the 18th March 1964. In 1967 it became the HQ Battery of

101 (Northumberland) Regiment RA (V).

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6 Squadron

Royal Corps of Transport

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My thanks to George Frost for these photos.

The Royal Corps of Transport

a Short History



 

Raised in 1794 as the Royal Waggoners the Corps became the Land Transport Corps

 in 1855, the Army Service Corps in 1869, the Royal Army Service Corps in 1918, and the

Royal Corps of Transport in 1965. Headquartered in Buller Barracks, Aldershot, the R.C.T.

was amalgamated into the Royal Logistic Corps.

 

Battle Honours: Peninsular; Waterloo; Lucknow; Takus Forts; and Pekin.

The R.C.T. has five Victoria Crosses and one George Cross.

 

Regimental march - "Wait for the Wagon".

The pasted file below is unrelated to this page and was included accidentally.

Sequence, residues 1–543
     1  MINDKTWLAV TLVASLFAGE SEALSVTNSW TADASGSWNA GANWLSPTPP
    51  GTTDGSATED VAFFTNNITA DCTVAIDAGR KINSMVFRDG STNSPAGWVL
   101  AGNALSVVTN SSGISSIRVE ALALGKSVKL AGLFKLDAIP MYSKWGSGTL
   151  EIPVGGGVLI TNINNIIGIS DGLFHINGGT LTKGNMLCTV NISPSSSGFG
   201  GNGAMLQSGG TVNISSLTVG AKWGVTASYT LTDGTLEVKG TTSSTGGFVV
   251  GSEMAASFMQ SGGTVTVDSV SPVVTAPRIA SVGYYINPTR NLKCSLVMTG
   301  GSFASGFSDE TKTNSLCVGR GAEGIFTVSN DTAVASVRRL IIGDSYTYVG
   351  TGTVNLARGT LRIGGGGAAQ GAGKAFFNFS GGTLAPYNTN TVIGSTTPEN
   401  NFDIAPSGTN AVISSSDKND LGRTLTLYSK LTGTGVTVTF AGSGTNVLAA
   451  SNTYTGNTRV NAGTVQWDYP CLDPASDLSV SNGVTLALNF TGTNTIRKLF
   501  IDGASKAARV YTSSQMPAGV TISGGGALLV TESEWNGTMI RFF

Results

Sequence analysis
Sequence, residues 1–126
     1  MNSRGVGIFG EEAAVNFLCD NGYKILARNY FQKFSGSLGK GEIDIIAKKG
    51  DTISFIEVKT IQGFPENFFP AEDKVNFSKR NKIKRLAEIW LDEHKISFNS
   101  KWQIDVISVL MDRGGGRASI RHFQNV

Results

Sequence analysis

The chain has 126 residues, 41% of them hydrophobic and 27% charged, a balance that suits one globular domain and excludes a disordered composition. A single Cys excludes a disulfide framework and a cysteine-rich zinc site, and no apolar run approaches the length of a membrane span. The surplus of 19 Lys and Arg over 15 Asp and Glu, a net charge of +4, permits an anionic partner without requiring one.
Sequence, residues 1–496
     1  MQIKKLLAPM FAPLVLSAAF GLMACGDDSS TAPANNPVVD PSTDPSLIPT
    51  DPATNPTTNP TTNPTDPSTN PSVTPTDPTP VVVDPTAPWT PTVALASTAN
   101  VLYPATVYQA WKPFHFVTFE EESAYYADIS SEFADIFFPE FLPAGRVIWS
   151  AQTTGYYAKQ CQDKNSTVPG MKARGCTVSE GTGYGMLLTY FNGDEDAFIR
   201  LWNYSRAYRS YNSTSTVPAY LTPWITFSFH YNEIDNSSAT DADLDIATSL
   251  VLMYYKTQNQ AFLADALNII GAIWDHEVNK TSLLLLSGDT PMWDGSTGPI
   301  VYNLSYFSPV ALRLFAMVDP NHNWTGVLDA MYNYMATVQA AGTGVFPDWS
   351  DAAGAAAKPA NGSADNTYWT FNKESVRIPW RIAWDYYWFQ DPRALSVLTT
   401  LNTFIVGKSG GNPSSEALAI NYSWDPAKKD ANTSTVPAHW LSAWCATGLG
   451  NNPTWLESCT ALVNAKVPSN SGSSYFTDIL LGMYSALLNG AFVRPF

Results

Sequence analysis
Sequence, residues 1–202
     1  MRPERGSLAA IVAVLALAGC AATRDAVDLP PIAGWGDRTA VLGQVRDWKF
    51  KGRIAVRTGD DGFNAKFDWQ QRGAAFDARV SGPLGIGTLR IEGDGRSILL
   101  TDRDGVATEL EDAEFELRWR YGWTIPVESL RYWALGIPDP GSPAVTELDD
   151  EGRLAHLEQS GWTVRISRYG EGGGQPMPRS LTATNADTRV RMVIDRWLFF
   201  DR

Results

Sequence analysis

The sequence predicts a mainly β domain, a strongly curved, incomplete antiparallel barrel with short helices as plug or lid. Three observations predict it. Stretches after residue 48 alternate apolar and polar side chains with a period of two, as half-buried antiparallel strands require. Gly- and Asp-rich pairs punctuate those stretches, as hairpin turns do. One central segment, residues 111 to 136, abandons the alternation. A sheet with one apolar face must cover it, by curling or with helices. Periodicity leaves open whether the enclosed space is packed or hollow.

February 1965 - February 1970

 

6 Squadron moved to Dortmund as a three platoon company and

was  redesignated 6 Squadron Royal Corps of Transport in 1965.

 

The Squadron moved into Glamorgan Barracks, Duisburg in 1967 in support of 7th Artillery Brigade

and were responsible for the resupply of Thunderbird Missile's to 36 Heavy Air Defence Regiment.

 

My thanks go to Dave Skitt, a past member of the Squadron for the Squadron History and a copy of

his Photo collection. I am also grateful to George Frost for the use of some of his collection.

These photos can be found on our Facebook Page under Albums.